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Wiregrass Nurse Practitioner Association

Urgent Action Needed

Posted about 5 years ago by Hollie Crutchfield

Everyone,

We need all practicing NP's to send just a quick email today to as many senators and representatives that you can to help support our bill for prescriptive priviledges. We are having some negative feedback but when reading the info from these groups, their information they are presenting is not entirely correct. Please feel free to call me or Nancy Turnham for further questions. Thanks everyone!

Contact the Health Committee Members ASAP!

PLEASE ACT NOW!!!! CONTACT THE SENATORS AND REPRESENTATIVES ON THE HEALTH COMMITTEE AND LET THEM KNOW YOU SUPPORT SB 229 and HB 307!!!To the Membership of NPAA: On February 19, 2013, two bills were introduced in the Alabama Legislature–SB229 sponsored by Senators Greg Reed, Del Marsh and Jabo Waggoner and HB307–sponsored by Representatives Greg Wren and Ron Johnson (both bills may be found here by scrolling to the bottom and entering the terms "SB229" or "HB307" in the box on the left and hit find instruments button.

These bills allow for certified registered nurse practitioners (CRNPs) to apply for a certificate to allow them to prescribe schedules III-V medications. If this legislation passes, the certificate authorizing CRNPs to prescribe controlled substances will be granted by the Alabama Board of Medical Examiners (the same entity that issues controlled substance certificates for physicians and physician’s assistants). Additionally, there is a provision in the legislation that will allow CRNPs to seek approval to prescribe Schedule II drugs at sometime in the future without additional legislative efforts. The BME has recognized the importance of this section particularly as it relates to nurses that provide hospice care and nurses who work with the field of mental health.

With the passage of these bills, Schedules III-V medications are expected to begin being prescribed by CRNPs within the next year.

To be eligible to apply for Schedules III-V prescriptive authority, a CRNP must:
  1. Practice pursuant to protocols and in collaboration with a physician
  2. Have 12 months of active clinical practice with a collaborating physician; and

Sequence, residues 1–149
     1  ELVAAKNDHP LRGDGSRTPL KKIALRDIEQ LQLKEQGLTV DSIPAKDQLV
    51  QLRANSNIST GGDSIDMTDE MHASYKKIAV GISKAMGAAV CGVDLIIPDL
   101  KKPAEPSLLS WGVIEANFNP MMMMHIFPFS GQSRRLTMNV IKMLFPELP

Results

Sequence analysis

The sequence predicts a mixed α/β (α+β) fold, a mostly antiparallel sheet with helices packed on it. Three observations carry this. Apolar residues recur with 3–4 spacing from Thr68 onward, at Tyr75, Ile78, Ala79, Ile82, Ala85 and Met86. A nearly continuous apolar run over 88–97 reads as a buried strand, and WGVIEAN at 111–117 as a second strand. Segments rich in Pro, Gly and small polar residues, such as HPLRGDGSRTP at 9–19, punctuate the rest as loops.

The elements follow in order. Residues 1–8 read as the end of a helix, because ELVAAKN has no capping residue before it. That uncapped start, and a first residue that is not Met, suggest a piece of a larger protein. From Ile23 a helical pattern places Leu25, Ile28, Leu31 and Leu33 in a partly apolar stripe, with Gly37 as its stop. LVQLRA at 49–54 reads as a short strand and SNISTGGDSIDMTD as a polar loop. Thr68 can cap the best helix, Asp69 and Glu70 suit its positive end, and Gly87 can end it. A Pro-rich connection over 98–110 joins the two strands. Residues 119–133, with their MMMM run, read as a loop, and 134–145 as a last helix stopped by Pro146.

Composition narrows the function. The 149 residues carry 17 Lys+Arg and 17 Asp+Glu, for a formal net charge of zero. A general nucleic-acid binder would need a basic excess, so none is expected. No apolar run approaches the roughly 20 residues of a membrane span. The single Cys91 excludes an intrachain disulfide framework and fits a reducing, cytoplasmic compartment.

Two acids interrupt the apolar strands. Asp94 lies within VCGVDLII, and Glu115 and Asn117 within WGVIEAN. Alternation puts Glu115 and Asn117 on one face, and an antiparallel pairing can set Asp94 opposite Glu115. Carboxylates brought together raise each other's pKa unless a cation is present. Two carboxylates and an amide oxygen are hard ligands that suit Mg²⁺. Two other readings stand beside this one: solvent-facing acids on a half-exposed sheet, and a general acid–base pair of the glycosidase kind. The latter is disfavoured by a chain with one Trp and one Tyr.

3. Have completed required courses on pharmacology and prescribing standards.

Other important components of the bill include the following:

  1. The CRNP license and ALL discipline will remain under the authority of the Alabama Board of Nursing.
     
  2. Any investigation related to a report of misuse of prescribing of controlled substances will conducted by the Board of Medical Examiners AT NO COST TO THE CRNP. All findings by the BME related to any investigation will forwarded to the ABN for discipline. Again, the expense of the investigation WILL NOT be incurred by the CRNP OR the ABN.
     
  3. The fees associated with the cost of obtaining a certificate to prescribe controlled substances will be equal to that of a physician’s assistant in Alabama. Fees are standardized and must be paid by anyone who seeks the certification to prescribe controlled substances.
     
  4. CRNPs are not required to seek certifications to qualify to write prescriptions for controlled substances, it will strictly optional and a personal choice only the CRNP can make. Some collaborating physicians may want their CRNPs to have this certification but it is not a requirement of any CRNP license.

PLEASE CONTACT THE MEMBERS OF THE SENATE AND HOUSE HEALTH COMMITTEES AND LET THEM KNOW YOU SUPPORT BOTH OF THESE BILLS on Monday 2/25 or Tuesday 2/26!!!!

SENATE HEALTH

Committee. Alabama Senate, Alabama State House, Montgomery, AL 36130:

HOUSE HEALTH

Committee Alabama House of Representatives Alabama State House Montgomery, AL 36130

NPAA is fully aware that the bills as introduced are not perfect. However, the leadership of NPAA unanimously believes in and supports small incremental changes that will allow nurse practitioners to chip away at the barriers we now face. Through these efforts, we expect job opportunities will open up for nurse practitioners in Alabama, which will affect the number of providers available for patient care in Alabama, particularly in the rural areas. NPAA is committed to continuing the efforts to break down barriers that limit the ability of advanced practice nurses to practice to the full scope of their education and training and will do so with the IOM Consensus Model for the Future of Nursing as a guide for full expansion of the scope of practice for all advanced practice nurses.

NPAA thanks Senators Reed, Marsh and Waggoner and Representatives Johnson and Wren for their support and for their sponsorship of these important bills that will allow nurse practitioners to improve access to care for patients, particularly in the rural areas. We further encourage the elected officials in Montgomery to continue their efforts to seek legislative changes that will allow all nurses to practice to the fullest extent of their training and education using the IOM Consensus Model as a guide for their decisions related to expanding health care in Alabama. An interdisciplinary/introprofessional approach is the only solution in which enough health care providers will be available to meet the growing health care needs of Alabama now and in the future.